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What would it take to make your fundraising 100% more effective?

13 April 2015


 April 13, 2015

If you are a nonprofit board member, and you are wondering why your fundraising staff doesn’t stay, it may be because you are not paying them enough.

Recently I was talking with a nonprofit executive director who had put out a job description for a development officer role, and was paying $30,000 a year. She expressed surprise to me that they only had 9 applications for the job.

I told her, “it’s not that the job isn’t good, it’s that it’s paying too little for what you want them to do. You need to pay a higher hourly wage and have someone part time. Then you will reduce your turnover and encourage people to stay and help you succeed. Since the average nonprofit fundraising person stays 12-18 months in a role, the massive turnover helps keep most nonprofits small. This is why it’s important to pay someone enough that they want to stay and work hard for you. After 18 months, that is long enough for them to help you create relationships and become effective at fundraising for your nonprofit. ”

If you’re a nonprofit fundraising staff person, are you tired of making a tiny wage? Would you like to make more?

Why would it be a good idea for your nonprofit to pay you more?

This video about Kaffeine, a coffeeshop in London, explains why.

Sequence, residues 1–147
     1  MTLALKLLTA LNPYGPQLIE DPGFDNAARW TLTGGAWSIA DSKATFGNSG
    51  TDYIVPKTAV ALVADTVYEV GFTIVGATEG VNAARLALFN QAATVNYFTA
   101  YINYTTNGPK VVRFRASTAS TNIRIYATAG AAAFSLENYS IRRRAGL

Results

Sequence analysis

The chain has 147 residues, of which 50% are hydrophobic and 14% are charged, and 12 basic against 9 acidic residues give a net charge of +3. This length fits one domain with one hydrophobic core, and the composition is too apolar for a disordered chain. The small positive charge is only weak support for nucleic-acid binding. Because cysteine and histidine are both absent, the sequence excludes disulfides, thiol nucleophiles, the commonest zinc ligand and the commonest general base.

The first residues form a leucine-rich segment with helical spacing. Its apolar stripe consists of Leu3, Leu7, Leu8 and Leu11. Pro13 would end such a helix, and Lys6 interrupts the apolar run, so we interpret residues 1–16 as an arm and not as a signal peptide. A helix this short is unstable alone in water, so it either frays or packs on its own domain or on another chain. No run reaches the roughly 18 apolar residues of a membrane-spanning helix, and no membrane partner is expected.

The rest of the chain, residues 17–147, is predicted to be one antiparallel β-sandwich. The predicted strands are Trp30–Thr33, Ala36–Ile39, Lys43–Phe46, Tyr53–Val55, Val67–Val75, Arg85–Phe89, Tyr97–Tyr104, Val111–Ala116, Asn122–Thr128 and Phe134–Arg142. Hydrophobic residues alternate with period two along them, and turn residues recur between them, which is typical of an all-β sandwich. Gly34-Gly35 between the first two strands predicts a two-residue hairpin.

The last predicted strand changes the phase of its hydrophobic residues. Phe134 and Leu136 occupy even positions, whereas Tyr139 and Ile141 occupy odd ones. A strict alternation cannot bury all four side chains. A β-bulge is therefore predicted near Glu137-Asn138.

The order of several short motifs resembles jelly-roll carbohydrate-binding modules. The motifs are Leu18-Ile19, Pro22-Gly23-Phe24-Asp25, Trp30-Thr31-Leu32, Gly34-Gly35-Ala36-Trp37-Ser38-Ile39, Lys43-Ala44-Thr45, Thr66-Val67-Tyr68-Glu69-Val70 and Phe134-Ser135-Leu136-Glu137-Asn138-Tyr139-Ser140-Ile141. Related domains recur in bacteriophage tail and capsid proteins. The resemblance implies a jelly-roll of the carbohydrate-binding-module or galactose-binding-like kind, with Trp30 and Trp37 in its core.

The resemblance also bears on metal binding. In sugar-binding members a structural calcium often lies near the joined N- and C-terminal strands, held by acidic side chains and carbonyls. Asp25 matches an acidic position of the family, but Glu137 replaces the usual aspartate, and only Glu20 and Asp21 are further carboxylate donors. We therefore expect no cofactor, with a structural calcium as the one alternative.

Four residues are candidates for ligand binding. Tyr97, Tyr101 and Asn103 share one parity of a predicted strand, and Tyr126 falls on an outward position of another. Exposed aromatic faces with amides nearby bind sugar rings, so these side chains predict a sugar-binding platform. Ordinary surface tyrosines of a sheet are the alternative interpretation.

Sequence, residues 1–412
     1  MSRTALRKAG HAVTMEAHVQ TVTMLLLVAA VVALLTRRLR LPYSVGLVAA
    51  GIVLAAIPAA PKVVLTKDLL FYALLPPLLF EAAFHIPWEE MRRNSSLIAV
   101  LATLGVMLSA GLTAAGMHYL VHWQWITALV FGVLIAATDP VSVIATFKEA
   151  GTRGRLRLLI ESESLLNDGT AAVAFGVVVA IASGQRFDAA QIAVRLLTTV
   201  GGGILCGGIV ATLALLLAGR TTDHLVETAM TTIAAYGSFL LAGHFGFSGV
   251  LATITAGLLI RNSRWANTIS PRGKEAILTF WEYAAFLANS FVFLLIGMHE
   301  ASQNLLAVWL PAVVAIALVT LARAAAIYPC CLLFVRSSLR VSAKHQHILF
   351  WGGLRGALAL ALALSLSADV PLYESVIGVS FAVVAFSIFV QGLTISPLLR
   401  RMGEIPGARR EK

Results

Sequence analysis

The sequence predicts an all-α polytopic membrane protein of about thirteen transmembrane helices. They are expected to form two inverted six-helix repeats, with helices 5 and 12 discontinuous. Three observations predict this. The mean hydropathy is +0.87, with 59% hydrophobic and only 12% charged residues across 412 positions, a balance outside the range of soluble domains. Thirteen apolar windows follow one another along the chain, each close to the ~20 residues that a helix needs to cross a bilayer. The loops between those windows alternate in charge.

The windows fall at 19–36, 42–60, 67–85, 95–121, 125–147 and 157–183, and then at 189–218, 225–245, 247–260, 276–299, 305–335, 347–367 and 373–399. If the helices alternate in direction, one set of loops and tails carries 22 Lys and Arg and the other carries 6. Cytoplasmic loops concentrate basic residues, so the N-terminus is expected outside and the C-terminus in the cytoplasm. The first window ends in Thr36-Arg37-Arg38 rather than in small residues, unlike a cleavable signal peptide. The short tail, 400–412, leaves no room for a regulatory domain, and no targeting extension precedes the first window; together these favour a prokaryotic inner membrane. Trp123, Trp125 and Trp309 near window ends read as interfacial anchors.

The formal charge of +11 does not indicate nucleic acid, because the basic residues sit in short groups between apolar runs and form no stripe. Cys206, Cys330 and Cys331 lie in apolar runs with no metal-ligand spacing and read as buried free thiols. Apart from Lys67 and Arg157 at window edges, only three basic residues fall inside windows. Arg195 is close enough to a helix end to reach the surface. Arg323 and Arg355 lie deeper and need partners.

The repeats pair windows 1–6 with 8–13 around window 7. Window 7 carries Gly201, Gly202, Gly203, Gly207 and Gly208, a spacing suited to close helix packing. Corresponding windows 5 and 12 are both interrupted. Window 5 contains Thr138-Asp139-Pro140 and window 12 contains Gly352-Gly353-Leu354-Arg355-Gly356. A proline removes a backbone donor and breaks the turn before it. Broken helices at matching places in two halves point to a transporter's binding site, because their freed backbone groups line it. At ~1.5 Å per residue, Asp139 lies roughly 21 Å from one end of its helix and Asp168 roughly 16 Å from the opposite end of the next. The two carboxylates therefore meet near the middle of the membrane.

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“It’s not rocket science,” says Umair Haque. “If you pay people a pittance, you’re not going to get the best from them. So should you pay people over what others will pay? YES. It’s going to serve your donors better. It’s going to help people want to stay.”

“We have major problems with the global economy. There is not enough demand to keep these gears moving. And the great motive force of the global economy has been consumption. Without consumption going up again as a percentage of Global GDP, the world is in a depression and it will stay in a depression. So the only way that we can get out of this depression is if wages go up.”

So if you want our global economy to improve, if you want to keep your staff longer and not have massive turnover, if you want to get more and more fundraising dollars for your nonprofit, then you need to be thinking about how to pay people more. Even if you have them part time instead of full time to start. When you pay people more, they can afford to relax, take time to take care of themselves, and they will be more productive when they do come in to work for you.


2 responses on “Are you tired of making a tiny wage?

  1. Emma Crane says:

    My nonprofit, and I hear this is common, has come down on me several times about how I am not “raising enough to cover my salary.” I have been in the job for a year and a half, with little intention to stay although the mission is dear to me, and my salary is just under $30,000. It’s nice to hear that it’s too low, but my E.D., although she is pushing for higher wages, also accompanies it all with “you’re not raising enough.”

    I’m a newbie in the non profit world, coming here from a double career in music entertainment. Would love to hear more advice about this, although I could not attend the conference (Spring appeal due this week!)


    • 4w3s0mE says:

      hi Emma,

      Thank you so much for sharing. Your ED really is not understanding that if she pays you more, you’ll be even more motivated to raise more. There’s a lot I could say about this, feel free to give a call at the number on the top of the website, would be happy to give more advice on the phone.